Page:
For most of us in America, climate change hasn’t yet become a tangible concept that is easily comprehendible the way it is in other international venues. Most of us here don’t live in the Arctic permafrost or on a tropical island, and the Antarctic environment is about as far away from us each physically as it is mentally. We recognize that ice caps are melting, that the level of the sea is escalating, and that global ecosystems are flailing, all because we trust our dependable scientific community. We hear a lot of facts, and we believe the aerial time-lapse photos we’re shown of the drastically changing biomes throughout the world. But for most of us, our climate isn’t changing at a noticeable rate. So, it might as well not even be happening, right?
Well, maybe that’s not quite accurate. On July 15, Climate Central published an interactive map detailing what summers in 1000 cities across the US will be like in 2100 if the current greenhouse gas emission trends continue. The map allows users to input their current city into the search bar to reveal what their summers will be like 86 years from now, and the results are, frankly, startling. 2100’s summer in Chicago will be like 2014’s summer in Mesquite, Texas. New York’s summer will be like today’s summer in Southern Florida. Phoenix, Arizona’s summer in 2100 will be comparable to today’s summer in Kuwait.
Perhaps Phoenix won’t be the go-to vacation spot anymore with average summer temperatures being 114°F.
Studies like this may finally allow climate change to become a perceptible concept for those of us who are not already seeing its effects on a local basis. It brings the issue—one that is already devastatingly present for people and ecosystems across the globe—close to home. And maybe the blunt realism of interactive education like this is what we need to wholly grasp the urgency of this prevailing crisis.
Let me briefly explain one of the most common misconceptions amongst the climate change discussion I hear almost daily. There is a profound difference between atmospheric conditions over a short period of time, or “weather”, versus these conditions measured on grander scales, which is known as “climate”. Climate is measured on these longer-term gradations—from 10 to 100,000,000 year increments—whilst our day-to-day or year-to-year weather patterns aren’t necessarily accurate measurements of overall climate trends due to the presence of natural, short-term climactic variability.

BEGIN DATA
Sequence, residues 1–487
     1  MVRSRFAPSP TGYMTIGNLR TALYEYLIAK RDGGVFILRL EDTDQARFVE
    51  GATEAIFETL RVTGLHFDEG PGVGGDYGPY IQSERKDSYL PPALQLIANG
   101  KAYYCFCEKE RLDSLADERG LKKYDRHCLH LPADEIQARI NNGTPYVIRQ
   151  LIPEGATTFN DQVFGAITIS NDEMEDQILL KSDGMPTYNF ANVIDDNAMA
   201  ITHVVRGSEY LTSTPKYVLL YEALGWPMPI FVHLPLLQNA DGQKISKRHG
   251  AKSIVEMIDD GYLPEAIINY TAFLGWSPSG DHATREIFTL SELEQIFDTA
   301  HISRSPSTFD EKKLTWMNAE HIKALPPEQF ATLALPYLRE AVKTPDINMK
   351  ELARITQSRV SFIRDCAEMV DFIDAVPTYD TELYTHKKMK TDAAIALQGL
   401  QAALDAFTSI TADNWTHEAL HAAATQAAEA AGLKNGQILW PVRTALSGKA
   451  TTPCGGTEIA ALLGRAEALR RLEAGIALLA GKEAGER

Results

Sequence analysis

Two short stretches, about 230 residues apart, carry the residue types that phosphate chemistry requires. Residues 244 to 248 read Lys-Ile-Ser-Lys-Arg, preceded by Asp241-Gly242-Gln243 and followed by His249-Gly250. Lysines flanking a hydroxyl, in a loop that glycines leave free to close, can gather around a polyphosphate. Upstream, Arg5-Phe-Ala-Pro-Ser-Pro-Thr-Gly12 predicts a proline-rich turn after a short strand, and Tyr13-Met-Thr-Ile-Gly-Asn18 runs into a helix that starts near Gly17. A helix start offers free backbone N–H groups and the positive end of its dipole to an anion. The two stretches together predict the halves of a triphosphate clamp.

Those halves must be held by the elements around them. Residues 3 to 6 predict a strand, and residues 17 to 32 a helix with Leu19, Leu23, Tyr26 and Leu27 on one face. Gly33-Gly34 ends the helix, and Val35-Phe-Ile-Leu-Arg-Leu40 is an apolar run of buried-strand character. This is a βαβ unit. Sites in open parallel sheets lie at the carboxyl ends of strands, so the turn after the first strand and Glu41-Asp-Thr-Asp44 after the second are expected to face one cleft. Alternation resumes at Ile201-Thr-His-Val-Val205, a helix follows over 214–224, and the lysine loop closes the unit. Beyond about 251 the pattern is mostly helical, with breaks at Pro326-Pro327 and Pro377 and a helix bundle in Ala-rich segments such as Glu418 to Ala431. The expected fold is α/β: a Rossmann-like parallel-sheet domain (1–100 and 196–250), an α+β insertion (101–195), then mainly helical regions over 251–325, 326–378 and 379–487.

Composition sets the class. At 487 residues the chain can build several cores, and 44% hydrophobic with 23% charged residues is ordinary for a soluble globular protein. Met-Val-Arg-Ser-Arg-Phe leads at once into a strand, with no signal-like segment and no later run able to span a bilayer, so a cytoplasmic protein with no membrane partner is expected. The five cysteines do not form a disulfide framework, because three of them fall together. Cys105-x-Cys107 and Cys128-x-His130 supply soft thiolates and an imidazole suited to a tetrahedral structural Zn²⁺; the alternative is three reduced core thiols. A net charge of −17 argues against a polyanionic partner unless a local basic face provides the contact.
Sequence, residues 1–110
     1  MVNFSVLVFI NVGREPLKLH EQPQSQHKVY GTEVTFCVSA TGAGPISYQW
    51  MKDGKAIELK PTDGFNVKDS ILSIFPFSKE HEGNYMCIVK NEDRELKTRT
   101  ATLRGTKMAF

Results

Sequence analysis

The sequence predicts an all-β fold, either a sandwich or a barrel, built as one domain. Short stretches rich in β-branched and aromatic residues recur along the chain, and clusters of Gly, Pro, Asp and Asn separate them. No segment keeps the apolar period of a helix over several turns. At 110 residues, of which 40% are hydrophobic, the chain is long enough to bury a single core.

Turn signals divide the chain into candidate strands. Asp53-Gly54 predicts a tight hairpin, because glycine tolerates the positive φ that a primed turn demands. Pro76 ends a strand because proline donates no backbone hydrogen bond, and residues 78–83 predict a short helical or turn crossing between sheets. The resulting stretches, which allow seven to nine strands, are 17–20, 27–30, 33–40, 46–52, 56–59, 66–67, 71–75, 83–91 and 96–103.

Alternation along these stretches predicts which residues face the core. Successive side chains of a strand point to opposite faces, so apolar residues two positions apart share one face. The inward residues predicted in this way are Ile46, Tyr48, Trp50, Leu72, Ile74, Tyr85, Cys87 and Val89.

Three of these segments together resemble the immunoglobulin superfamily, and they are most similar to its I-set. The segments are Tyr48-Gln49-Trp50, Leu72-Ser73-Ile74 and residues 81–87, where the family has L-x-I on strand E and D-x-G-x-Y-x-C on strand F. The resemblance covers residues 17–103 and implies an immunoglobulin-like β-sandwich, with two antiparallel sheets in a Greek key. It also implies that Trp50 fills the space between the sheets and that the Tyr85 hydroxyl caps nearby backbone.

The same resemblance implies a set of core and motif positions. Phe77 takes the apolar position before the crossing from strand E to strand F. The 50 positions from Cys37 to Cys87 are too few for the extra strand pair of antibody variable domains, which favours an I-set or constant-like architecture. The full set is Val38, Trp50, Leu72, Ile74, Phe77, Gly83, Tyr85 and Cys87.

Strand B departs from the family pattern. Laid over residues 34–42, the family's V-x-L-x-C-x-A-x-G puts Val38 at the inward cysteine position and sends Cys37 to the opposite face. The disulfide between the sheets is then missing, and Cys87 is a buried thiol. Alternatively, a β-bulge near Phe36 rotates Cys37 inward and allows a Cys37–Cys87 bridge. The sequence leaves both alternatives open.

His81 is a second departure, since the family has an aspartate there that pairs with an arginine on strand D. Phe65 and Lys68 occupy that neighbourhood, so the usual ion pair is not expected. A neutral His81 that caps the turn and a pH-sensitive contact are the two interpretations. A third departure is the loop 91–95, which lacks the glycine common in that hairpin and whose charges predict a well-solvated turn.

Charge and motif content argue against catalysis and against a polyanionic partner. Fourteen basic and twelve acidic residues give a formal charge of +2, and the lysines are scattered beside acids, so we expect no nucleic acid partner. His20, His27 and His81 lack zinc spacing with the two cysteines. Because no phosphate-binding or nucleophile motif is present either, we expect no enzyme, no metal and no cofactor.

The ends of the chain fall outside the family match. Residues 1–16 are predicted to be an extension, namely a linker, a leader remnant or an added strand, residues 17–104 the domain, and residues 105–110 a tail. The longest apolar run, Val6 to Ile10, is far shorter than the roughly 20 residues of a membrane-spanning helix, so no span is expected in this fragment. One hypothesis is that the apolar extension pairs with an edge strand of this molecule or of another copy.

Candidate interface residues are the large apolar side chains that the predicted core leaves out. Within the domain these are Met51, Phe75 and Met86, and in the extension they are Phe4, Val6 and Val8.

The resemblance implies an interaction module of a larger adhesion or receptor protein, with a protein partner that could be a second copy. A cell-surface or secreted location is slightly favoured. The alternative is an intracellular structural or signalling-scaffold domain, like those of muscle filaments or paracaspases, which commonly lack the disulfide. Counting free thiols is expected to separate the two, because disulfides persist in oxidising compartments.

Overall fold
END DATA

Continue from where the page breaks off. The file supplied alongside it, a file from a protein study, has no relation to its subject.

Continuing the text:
The classic, rudimentary dispute against the necessity of prompt climate action is the ill-informed “it’s snowing in Southern Texas right now, so clearly the planet isn’t warming” argument. This is inaccurate for a myriad of reasons. As was previously mentioned, weather and climate are measured on vastly different scales. Thus, they are not synonyms for one another. The anti-science trend yielding people to discredit the existence global warming could indeed be a convincing and even an accurate argument if, say, the temperature trend in Southern Texas has remained stable since the Industrial revolution. It has not.
Even so, climate change affects each location differently across the globe, so this argument would likely still not be valid if that hypothetical constant trend were indeed factual (which, of course, it is not). The complexities that drive of our global climate system, from geostrophic currents to geologic tectonics, yield diverse climactic alterations in different parts of our planet based on a variety of factors. Latitudinal and longitudinal settings, geomorphic and geologic influence, and the variety of other astronomical and geographical elements have effects so insurmountable that it is not remotely accurate to assume that one short-term local weather event is to discredit an entire, long-term global change.
Simplistic illusions do not outweigh accurate science.